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Even when a business is losing money, it's possible for shareholders to make money if they buy a good business at the right price. For example, biotech and mining exploration companies often lose money for years before finding success with a new treatment or mineral discovery. But while the successes are well known, investors should not ignore the very many unprofitable companies that simply burn through all their cash and collapse.
So should QEM (ASX:QEM) shareholders be worried about its cash burn? For the purpose of this article, we'll define cash burn as the amount of cash the company is spending each year to fund its growth (also called its negative free cash flow). First, we'll determine its cash runway by comparing its cash burn with its cash reserves.
How Long Is QEM's Cash Runway?
A company's cash runway is the amount of time it would take to burn through its cash reserves at its current cash burn rate. As at December 2021, QEM had cash of AU$1.8m and no debt. Importantly, its cash burn was AU$2.1m over the trailing twelve months. Therefore, from December 2021 it had roughly 10 months of cash runway. To be frank, this kind of short runway puts us on edge, as it indicates the company must reduce its cash burn significantly, or else raise cash imminently. The image below shows how its cash balance has been changing over the last few years.
How Is QEM's Cash Burn Changing Over Time?
In our view, QEM doesn't yet produce significant amounts of operating revenue, since it reported just AU$283k in the last twelve months. Therefore, for the purposes of this analysis we'll focus on how the cash burn is tracking. In fact, it ramped its spending strongly over the last year, increasing cash burn by 162%. That sort of spending growth rate can't continue for very long before it causes balance sheet weakness, generally speaking. QEM makes us a little nervous due to its lack of substantial operating revenue. We prefer most of the stocks on this list of stocks that analysts expect to grow.
Can QEM Raise More Cash Easily?
Given its cash burn trajectory, QEM shareholders should already be thinking about how easy it might be for it to raise further cash in the future. Companies can raise capital through either debt or equity. Many companies end up issuing new shares to fund future growth. We can compare a company's cash burn to its market capitalisation to get a sense for how many new shares a company would have to issue to fund one year's operations.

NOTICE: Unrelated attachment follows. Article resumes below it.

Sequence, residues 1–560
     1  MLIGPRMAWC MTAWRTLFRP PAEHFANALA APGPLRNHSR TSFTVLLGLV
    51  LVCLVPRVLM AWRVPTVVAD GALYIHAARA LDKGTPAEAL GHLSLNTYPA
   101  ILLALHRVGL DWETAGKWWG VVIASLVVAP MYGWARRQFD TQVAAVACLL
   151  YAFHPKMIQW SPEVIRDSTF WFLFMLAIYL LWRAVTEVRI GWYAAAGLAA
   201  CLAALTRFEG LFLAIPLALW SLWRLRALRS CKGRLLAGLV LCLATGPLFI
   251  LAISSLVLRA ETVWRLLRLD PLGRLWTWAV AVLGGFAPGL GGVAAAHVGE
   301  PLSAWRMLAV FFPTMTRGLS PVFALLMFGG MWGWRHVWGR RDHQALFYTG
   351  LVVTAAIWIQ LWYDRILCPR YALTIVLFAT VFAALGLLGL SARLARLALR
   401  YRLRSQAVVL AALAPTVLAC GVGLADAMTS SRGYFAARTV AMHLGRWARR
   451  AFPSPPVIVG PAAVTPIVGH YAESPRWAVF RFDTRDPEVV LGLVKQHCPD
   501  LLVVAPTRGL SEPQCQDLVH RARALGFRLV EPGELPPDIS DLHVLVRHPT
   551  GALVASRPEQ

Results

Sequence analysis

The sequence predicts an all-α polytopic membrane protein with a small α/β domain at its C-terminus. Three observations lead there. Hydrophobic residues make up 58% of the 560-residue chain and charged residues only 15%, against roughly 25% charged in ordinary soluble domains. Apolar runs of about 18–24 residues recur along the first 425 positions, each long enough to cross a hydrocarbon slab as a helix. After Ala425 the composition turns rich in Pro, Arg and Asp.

Since it has a market capitalisation of AU$29m, QEM's AU$2.1m in cash burn equates to about 7.1% of its market value. That's a low proportion, so we figure the company would be able to raise more cash to fund growth, with a little dilution, or even to simply borrow some money.
So, Should We Worry About QEM's Cash Burn?
Even though its increasing cash burn makes us a little nervous, we are compelled to mention that we thought QEM's cash burn relative to its market cap was relatively promising. Looking at the factors mentioned in this short report, we do think that its cash burn is a bit risky, and it does make us slightly nervous about the stock. Taking a deeper dive, we've spotted 6 warning signs for QEM you should be aware of, and 3 of them are a bit concerning.
Of course, you might find a fantastic investment by looking elsewhere. So take a peek at this free list of companies insiders are buying, and this list of stocks growth stocks (according to analyst forecasts)
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This article by Simply Wall St is general in nature. We provide commentary based on historical data and analyst forecasts only using an unbiased methodology and our articles are not intended to be financial advice. It does not constitute a recommendation to buy or sell any stock, and does not take account of your objectives, or your financial situation. We aim to bring you long-term focused analysis driven by fundamental data. Note that our analysis may not factor in the latest price-sensitive company announcements or qualitative material. Simply Wall St has no position in any stocks mentioned.